More than 700,000 records were breached in the IRS hack in 2015, leaving citizens vulnerable to additional identity theft and income tax fraud. The IRS is still struggling to find a way to properly identify citizens in the digital world but some states are looking to use different technology to protect citizens from having their tax returns stolen
Alabama and North Carolina are among the first states to enable citizens to use high-assurance credentials to lock down their tax returns with the states. North Carolina is doing it as part of a grant from the National Strategy for Trusted Identities in Cyberspace but Alabama was so excited about it they are paying for it. “We are paying $250,000 for it but it’s a low cost for fighting fraud,” says Julie P. Magee, revenue commissioner with the state of Alabama.
MorphoTrust is providing the technology that enables citizens to lock down their tax returns. Citizens have to download the MorphoTrust eID app and scan the front and back of their driver licenses with their smartphone, says Mark DiFraia, senior director of solutions strategy at the company. The document scanned is authenticated and then the user takes a selfie to match the photo taken with the one on the document that was scanned.
That information is also checked against what the state has on record. If everything matches a credential is issued to the mobile device. Then when logging on to the state site instead of entering a user name and password the citizen authenticated to the app with the selfie and then scans a QR code from the site that enable access.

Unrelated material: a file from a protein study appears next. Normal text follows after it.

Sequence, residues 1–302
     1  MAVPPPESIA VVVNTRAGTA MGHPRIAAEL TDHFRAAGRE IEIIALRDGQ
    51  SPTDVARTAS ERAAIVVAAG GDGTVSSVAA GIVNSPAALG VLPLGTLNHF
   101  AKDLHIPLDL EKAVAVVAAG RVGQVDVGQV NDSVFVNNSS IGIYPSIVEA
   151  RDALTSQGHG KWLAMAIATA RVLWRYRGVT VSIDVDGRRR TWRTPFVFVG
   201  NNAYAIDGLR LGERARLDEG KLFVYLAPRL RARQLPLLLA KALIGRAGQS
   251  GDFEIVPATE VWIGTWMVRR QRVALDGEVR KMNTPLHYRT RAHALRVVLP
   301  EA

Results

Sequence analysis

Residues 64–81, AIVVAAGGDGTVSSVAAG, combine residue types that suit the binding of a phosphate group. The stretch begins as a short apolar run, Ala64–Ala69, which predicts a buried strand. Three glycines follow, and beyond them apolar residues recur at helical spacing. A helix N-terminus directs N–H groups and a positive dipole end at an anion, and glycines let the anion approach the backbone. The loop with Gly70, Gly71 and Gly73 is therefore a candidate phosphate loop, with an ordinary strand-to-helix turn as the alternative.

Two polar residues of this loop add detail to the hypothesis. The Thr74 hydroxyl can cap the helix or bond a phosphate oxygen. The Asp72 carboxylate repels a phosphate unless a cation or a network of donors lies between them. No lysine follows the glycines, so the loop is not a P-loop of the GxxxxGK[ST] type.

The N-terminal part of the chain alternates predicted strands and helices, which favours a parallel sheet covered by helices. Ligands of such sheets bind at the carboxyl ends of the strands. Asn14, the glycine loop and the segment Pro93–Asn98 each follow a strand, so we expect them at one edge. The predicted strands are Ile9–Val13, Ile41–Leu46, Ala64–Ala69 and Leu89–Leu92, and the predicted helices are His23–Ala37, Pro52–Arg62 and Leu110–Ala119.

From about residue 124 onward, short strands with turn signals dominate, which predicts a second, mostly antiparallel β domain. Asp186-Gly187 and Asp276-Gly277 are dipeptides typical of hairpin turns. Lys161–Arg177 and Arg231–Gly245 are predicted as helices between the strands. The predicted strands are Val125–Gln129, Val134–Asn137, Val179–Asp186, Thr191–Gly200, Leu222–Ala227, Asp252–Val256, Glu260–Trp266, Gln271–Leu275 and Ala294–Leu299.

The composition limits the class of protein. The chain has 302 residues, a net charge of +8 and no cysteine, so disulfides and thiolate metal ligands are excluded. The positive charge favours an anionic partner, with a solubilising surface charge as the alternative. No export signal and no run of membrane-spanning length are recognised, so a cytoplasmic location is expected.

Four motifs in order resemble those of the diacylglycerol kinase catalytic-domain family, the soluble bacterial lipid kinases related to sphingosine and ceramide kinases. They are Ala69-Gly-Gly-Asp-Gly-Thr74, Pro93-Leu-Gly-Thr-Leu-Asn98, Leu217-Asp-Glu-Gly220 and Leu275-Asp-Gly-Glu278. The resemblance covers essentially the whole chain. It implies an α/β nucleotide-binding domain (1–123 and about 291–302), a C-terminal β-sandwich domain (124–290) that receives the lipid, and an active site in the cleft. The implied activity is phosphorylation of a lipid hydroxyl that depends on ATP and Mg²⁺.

In the instance of the tax return, once the return has hit the Department of Revenue the citizen will be notified. They login to the site as a final step to authorize the transaction.
With 92% of tax returns filed electronically something to link the identity of the person to the return has become essential, Magee says. The eID system will be in place for next year’s returns but Alabama previously implemented a knowledge-based authentication quiz to try and stop fraud as well as enabling citizens to be alerted when their return was filed. If they were alerted and they hadn’t filed the citizens had to call a hotline.
That quiz and alerts will remain in place as Magee expects it to take some time before there’s widespread adoption of the eID. The Department of Revenue is going to work with the University of Alabama to create a marketing campaign to get the word out about the new system, Magee says.
While the use of the eID will be limited for now Magee has high hopes for it in the future. “User names and passwords are so easily obtained by hackers,” she explains. “And as people grow more comfortable with this we will be able to replace user names and password with this app.”